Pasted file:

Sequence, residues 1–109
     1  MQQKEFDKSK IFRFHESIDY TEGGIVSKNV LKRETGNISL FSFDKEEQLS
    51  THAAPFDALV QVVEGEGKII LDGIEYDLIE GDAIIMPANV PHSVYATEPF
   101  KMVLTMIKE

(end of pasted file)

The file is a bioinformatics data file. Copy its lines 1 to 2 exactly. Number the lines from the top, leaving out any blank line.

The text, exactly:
Sequence, residues 1–109
     1  MQQKEFDKSK IFRFHESIDY TEGGIVSKNV LKRETGNISL FSFDKEEQLS